Q&A with Villa Grove's Mary Ann Manos
Mary Ann Manos just completed a frenzied first year at Villa Grove, where she was both district superintendent and high school principal, charged with making budget cuts and key hires, restructuring the administrative team and developing the curriculum.
With classes having ended Monday and Manos having a chance to breathe, the grandmother of four (No. 5's on the way) sat down with News-Gazette correspondent Amy Rose for a quick-hitting Q&A that touched on some personal and some professional.
Q: You're from Canton, Ohio, home of the Pro Football Hall of Fame. What was your childhood like?
A: My mother, a widow, raised three children by herself. Two became college professors with terminal degrees. I hold a Ph.D and my younger brother, Bruce, earned an Ed.D (doctorate of education). My older brother is disabled from a tree-climbing fall as a child of 6. He is a resident of Metamora. My younger brother is a professor of the State University of New York at Albany. I am a middle child and the only girl.
Q: How are you adjusting to smalltown life in Camargo?
A: I love smalltown life. I love to wave at people I know as I drive along, and have them wave at me. I love to watch our students when they are with their older brothers and sisters and parents. I attend community events and truly enjoy learning names and meeting people. This is the best of America, and I am thankful to experience it.
Q: What was the biggest challenge you faced in your first year as superintendent?
A: Doing both positions as principal and superintendent was a tremendous responsibility. I knew it would be a challenge, but only through this path did I get to know parents and kids in a real manner.
Q: Next year, you'll hand off K-12 principal duties to Steve Killion, part of an all-new administrative structure. What are your long-term goals for the district?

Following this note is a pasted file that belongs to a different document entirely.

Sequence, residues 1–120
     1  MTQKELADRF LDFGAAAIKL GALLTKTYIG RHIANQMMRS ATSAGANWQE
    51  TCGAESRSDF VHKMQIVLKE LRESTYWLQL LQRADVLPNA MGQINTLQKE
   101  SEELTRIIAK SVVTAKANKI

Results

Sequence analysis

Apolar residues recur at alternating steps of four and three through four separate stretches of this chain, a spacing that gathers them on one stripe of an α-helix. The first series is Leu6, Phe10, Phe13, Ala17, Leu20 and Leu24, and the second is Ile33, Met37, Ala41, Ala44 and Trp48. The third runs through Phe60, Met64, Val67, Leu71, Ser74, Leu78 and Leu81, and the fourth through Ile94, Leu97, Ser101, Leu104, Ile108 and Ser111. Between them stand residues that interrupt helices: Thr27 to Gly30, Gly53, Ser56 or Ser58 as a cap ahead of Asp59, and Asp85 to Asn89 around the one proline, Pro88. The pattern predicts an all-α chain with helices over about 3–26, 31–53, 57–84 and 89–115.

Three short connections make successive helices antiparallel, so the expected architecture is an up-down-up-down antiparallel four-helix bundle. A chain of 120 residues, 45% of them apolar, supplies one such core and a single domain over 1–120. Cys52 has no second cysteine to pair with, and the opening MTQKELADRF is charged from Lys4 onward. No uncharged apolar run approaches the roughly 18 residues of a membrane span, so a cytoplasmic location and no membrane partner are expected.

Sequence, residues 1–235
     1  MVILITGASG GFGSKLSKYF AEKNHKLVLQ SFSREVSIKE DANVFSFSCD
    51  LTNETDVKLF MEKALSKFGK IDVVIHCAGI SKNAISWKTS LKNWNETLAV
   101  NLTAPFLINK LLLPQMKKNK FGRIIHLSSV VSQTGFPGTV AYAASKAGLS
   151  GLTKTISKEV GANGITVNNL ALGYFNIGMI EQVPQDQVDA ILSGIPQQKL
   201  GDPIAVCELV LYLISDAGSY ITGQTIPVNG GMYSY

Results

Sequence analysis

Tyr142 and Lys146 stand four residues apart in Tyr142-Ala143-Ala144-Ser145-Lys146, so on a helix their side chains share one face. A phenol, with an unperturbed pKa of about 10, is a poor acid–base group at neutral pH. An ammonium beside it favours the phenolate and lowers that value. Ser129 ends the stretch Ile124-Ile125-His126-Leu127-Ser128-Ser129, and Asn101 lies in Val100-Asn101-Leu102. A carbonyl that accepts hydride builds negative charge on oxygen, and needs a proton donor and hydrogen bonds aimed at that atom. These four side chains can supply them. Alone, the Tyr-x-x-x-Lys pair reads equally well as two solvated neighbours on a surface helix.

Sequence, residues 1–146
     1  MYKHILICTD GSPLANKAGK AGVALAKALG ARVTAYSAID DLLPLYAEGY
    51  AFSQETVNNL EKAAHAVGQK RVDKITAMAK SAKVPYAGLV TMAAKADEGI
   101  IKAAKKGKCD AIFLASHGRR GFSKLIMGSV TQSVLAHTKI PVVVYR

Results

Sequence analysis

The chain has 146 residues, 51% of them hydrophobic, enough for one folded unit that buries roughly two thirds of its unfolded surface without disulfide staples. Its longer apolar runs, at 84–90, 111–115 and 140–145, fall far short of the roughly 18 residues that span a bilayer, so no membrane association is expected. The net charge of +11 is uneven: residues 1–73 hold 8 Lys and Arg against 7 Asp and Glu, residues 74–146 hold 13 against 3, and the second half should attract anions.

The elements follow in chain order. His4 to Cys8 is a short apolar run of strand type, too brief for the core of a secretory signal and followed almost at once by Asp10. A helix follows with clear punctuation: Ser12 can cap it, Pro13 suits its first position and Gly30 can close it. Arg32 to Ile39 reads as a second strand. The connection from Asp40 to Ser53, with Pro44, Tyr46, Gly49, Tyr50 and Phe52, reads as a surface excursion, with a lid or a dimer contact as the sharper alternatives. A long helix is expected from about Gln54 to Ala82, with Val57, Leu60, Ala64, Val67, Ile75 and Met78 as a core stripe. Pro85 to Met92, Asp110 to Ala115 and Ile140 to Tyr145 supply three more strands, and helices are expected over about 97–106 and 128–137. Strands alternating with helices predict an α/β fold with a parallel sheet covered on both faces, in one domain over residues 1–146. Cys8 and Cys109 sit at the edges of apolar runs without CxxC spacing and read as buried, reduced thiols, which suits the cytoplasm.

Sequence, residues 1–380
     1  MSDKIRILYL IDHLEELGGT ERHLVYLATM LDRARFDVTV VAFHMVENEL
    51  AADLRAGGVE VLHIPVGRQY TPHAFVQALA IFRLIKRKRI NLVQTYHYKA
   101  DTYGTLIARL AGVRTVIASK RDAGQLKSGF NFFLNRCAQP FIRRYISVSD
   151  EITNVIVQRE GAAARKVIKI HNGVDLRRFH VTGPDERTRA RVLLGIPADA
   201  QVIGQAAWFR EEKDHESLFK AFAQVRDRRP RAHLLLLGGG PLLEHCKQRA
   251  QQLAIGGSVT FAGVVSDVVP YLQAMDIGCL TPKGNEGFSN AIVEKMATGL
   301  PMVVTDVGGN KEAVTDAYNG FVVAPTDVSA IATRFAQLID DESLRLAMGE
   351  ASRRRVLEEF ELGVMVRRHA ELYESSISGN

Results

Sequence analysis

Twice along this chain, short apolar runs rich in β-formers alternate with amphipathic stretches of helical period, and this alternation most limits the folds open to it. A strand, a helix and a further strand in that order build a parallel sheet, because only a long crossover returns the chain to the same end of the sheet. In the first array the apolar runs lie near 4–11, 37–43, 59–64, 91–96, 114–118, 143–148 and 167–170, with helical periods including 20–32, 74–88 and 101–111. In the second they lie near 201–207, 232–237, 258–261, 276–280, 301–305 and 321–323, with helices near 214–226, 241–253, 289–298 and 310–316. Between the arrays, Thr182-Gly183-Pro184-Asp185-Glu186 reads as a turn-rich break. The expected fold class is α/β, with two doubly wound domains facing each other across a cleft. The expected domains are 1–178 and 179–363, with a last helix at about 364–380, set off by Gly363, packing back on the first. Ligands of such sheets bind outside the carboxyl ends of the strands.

A: I have three. Establish strong professional development options for our educators. Continue to offer greater variety in student elective courses through the use of technology. But overarching all — continue fiscally responsible management of our schools to ensure a bright future for many years.
Q: What's the best advice you were ever given?
A: My mother would say, "Half of staying out of trouble is staying out of places where trouble happens." That has served me well — as a child, a teenager, a mom of two girls and a professional educator. My girls can recite it with only a few words of prompting, and I hope they teach that to their children.
Q: Best advice you give others?
A: "It doesn't matter where you start — it matters where you end." I came from a very poor family, occasionally homeless. My mother held education and faith as the two main ingredients in life for success. She was right.
Q: What was your first job?
A: Teaching sixth grade in Massillon, Ohio. I made less than $7,000 for the year. I loved it because I could see cornfields from my classroom window. I grew up in the city, and the smell of ripe corn in the field was like perfume to me.
Q: What's your morning routine?
A: I am up at about 4:30 am. I do aerobic dance or walk my German Shepherd dog, Schatzi, for about an hour. School then takes my attention for the rest of the day and usually into the evening. Weekends are spent at my daughters' homes, chasing grandchildren or taking the kids out.
Q: What three people, living or dead, would you like to have dinner with?
A: I would love to have dinner with Condoleezza Rice because I think she is the brightest, most eloquent woman in the world.
I would love to have dinner with Ann Richards, former governor of Texas. Any woman who led a state like Texas and at the same time had her picture taken in white leather leaning against a Harley is OK with me.
Lastly, Olivia de Havilland, former star of the '30s and '40s movies. I would honestly just let her talk. I am an old movie fan and she was a Hollywood leader — acted with all the biggest stars and still maintained a reputation as an educated and moral woman.